As used in chapter 743, Oregon Laws 1971, and ORS 166.635 (Discharging weapon or throwing objects at trains), unless the context requires otherwise:
(1) “Dangerous weapon” means any weapon, device, instrument, material or substance which under the circumstances in which it is used, attempted to be used or threatened to be used, is readily capable of causing death or serious physical injury.
(2) “Deadly weapon” means any instrument, article or substance specifically designed for and presently capable of causing death or serious physical injury.
(3) “Deadly physical force” means physical force that under the circumstances in which it is used is readily capable of causing death or serious physical injury.
(4) “Peace officer” means:
(a) A member of the Oregon State Police;
(b) A sheriff, constable, marshal, municipal police officer or reserve officer as defined in ORS 133.005 (Definitions for ORS 133.005 to 133.400 and 133.410 to 133.450), or a police officer commissioned by a university under ORS 352.121 (University police departments and officers) or 353.125 (Creation of police department and commission of police officers);
(c) An investigator of the Criminal Justice Division of the Department of Justice or investigator of a district attorney’s office;
(d) A humane special agent as defined in ORS 181A.345 (Humane special agents to enforce animal welfare laws under direction of law enforcement agency);
(e) A regulatory specialist exercising authority described in ORS 471.775 (Service of subpoenas) (2);
(f) An authorized tribal police officer as defined in ORS 181A.680 (Definitions for ORS 181A.680 to 181A.692); and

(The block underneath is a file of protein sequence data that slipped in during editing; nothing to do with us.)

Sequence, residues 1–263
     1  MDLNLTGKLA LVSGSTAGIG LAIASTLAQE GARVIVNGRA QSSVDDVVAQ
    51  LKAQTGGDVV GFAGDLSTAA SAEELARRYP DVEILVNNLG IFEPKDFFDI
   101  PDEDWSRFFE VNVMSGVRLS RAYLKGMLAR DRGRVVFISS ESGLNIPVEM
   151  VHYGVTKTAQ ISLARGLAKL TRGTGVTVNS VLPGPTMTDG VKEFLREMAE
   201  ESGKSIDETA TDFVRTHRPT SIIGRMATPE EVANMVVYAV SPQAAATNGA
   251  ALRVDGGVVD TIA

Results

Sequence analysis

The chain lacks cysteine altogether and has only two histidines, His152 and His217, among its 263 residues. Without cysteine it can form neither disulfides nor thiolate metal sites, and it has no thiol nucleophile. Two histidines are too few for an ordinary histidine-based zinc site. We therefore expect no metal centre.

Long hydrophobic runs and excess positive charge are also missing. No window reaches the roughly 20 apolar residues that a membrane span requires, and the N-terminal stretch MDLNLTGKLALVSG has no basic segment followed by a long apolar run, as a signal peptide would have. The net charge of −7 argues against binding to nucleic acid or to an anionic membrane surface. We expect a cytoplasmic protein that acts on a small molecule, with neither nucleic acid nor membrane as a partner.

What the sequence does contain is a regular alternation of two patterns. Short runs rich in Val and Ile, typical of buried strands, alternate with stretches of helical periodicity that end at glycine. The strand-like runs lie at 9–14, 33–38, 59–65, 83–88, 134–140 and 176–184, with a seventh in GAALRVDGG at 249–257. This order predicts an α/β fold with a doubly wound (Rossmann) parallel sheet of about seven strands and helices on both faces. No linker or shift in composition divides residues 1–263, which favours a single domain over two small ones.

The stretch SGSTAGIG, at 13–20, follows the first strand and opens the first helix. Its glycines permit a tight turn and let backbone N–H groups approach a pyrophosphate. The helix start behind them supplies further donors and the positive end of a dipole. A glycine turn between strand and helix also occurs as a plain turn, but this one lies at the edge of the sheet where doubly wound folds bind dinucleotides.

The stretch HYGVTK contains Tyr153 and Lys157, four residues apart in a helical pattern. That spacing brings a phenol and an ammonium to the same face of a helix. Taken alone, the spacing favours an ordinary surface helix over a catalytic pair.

(g) Any other person designated by law as a peace officer.
(5) “Person” means a human being and, where appropriate, a public or private corporation, an unincorporated association, a partnership, a government or a governmental instrumentality.
(6) “Physical force” includes, but is not limited to, the use of an electrical stun gun, tear gas or mace.
(7) “Physical injury” means impairment of physical condition or substantial pain.
(8) “Serious physical injury” means physical injury which creates a substantial risk of death or which causes serious and protracted disfigurement, protracted impairment of health or protracted loss or impairment of the function of any bodily organ.
(9) “Possess” means to have physical possession or otherwise to exercise dominion or control over property.
(10) “Public place” means a place to which the general public has access and includes, but is not limited to, hallways, lobbies and other parts of apartment houses and hotels not constituting rooms or apartments designed for actual residence, and highways, streets, schools, places of amusement, parks, playgrounds and premises used in connection with public passenger transportation. [1971 c.743 §3; 1973 c.139 §1; 1979 c.656 §3; 1991 c.67 §33; 1993 c.625 §4; 1995 c.651 §5; 2011 c.506 §22; 2011 c.641 §2; 2011 c.644 §§23,46; 2012 c.54 §§16,17; 2012 c.67 §§9,10; 2013 c.180 §§23,24; 2015 c.174 §11; 2015 c.614 §§147,148]
Note: Legislative Counsel has substituted “chapter 743, Oregon Laws 1971,” for the words “this Act” in sections 2, 3, 4, 5, 6, 7, 19, 20, 21 and 36, chapter 743, Oregon Laws 1971, compiled as 161.015 (General definitions), 161.025 (Purposes), 161.035 (Application of Criminal Code), 161.045 (Limits on application), 161.055 (Burden of proof as to defenses), 161.085 (Definitions with respect to culpability), 161.195 (“Justification” described), 161.200 (Choice of evils), 161.205 (Use of physical force generally) and 161.295 (Effect of qualifying mental disorder). Specific ORS references have not been substituted, pursuant to 173.160 (Powers and duties of Legislative Counsel in preparing editions for publication). These sections may be determined by referring to the 1971 Comparative Section Table located in Volume 20 of ORS.
3 OregonLaws.org assembles these lists by analyzing references between Sections. Each listed item refers back to the current Section in its own text. The result reveals relationships in the code that may not have otherwise been apparent.